In Alice Walker's "Everyday Use," give at least three supporting details for Dee's actions and speech that demonstrate that she is a "spoiled brat."
Dee and Maggie are sisters in Alice Walker's short story, "Everyday Use." Dee has "found" her African roots, and wants nothing to do with her African-American heritage—passed down by ancestors who worked tirelessly to survive in a foreign land and provide a better life for their children.
Dee is very cosmopolitan, has taken an African name and dresses in authentic African garb. She has been formally educated, while her mother and sister live in the tiny shack "back home." Dee is, without question, a brat. The mother (the narrator) describes Dee.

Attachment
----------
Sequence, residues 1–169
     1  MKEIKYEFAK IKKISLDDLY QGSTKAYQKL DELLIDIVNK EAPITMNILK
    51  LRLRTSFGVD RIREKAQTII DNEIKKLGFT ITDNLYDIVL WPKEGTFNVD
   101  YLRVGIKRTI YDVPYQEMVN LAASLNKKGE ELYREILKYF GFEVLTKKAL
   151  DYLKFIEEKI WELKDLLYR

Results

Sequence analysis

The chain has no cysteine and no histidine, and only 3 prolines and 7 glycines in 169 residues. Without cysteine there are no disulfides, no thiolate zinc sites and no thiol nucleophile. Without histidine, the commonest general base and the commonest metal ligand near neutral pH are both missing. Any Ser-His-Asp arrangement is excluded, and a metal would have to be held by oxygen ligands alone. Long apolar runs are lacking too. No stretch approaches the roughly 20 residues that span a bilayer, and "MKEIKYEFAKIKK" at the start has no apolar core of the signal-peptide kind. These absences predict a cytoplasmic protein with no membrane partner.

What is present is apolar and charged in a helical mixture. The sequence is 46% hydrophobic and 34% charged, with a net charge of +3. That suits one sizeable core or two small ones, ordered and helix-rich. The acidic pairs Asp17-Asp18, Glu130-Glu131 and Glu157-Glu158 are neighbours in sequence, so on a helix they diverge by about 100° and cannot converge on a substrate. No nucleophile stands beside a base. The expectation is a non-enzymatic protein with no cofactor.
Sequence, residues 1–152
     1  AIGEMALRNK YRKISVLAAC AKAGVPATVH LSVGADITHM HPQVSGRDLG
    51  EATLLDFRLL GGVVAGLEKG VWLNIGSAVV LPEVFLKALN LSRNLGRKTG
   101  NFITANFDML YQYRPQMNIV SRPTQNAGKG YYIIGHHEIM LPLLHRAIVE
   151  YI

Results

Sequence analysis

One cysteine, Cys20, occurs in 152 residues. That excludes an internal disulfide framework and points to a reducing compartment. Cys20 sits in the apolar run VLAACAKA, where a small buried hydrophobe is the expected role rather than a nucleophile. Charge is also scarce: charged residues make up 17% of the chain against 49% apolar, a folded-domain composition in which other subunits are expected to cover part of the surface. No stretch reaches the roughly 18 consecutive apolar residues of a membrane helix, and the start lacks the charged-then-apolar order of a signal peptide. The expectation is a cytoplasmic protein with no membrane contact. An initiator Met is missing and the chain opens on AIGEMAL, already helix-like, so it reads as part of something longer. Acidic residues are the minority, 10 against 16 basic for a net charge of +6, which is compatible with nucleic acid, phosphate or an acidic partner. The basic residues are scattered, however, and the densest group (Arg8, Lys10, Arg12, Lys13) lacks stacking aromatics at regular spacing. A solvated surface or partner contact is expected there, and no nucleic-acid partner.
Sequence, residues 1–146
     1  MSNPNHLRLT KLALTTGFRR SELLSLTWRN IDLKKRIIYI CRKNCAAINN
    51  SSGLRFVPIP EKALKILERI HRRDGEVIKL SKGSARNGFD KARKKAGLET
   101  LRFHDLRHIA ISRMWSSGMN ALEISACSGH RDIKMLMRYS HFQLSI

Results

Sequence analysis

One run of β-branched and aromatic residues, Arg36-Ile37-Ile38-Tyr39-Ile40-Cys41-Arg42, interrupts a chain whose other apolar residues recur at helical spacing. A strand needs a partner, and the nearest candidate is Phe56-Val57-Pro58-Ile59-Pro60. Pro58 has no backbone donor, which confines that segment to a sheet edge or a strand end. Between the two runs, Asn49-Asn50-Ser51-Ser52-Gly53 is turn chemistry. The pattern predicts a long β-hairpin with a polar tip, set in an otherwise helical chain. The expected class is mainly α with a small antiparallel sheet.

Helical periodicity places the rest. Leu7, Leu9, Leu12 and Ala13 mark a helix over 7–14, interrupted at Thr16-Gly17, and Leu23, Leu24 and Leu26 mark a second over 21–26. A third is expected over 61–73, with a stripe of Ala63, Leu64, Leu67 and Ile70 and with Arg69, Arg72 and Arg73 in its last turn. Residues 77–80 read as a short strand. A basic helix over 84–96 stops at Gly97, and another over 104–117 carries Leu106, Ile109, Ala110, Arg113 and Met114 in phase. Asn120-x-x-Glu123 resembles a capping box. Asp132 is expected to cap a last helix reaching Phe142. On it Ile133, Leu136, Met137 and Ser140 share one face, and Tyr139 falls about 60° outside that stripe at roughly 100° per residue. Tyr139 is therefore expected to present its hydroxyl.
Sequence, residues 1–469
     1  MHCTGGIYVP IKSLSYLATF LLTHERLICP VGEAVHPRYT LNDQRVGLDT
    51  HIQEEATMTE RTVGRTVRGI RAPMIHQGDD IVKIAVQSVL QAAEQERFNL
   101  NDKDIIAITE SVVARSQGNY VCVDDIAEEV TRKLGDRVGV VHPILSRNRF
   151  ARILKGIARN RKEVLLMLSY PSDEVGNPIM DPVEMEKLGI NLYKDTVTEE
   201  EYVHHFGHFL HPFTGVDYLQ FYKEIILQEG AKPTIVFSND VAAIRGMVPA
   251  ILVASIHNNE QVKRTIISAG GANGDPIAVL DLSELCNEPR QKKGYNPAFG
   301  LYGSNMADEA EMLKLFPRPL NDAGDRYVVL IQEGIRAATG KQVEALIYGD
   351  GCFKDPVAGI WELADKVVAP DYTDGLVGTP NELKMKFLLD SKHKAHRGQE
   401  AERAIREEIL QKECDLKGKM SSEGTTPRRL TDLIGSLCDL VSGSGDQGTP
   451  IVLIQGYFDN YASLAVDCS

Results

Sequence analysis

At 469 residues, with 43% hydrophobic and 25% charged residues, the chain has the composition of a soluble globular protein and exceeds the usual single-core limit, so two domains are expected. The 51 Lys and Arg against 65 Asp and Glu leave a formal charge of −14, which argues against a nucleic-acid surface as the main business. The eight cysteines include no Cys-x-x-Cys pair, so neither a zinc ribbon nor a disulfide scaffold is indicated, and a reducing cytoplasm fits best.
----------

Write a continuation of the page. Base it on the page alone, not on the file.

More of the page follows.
I used to think she hated Maggie, too. But that was before we raised the money, the church and me, to send her to Augusta to school. She used to read to us...She washed us in a river of make-believe, burned us with a lot of knowledge we didn't need to know. Pressed us to her with the serious way she read, to shove us away at just the moment, like dimwits, we seemed about to understand.
Dee is extremely self-centered, thinking only how her family...
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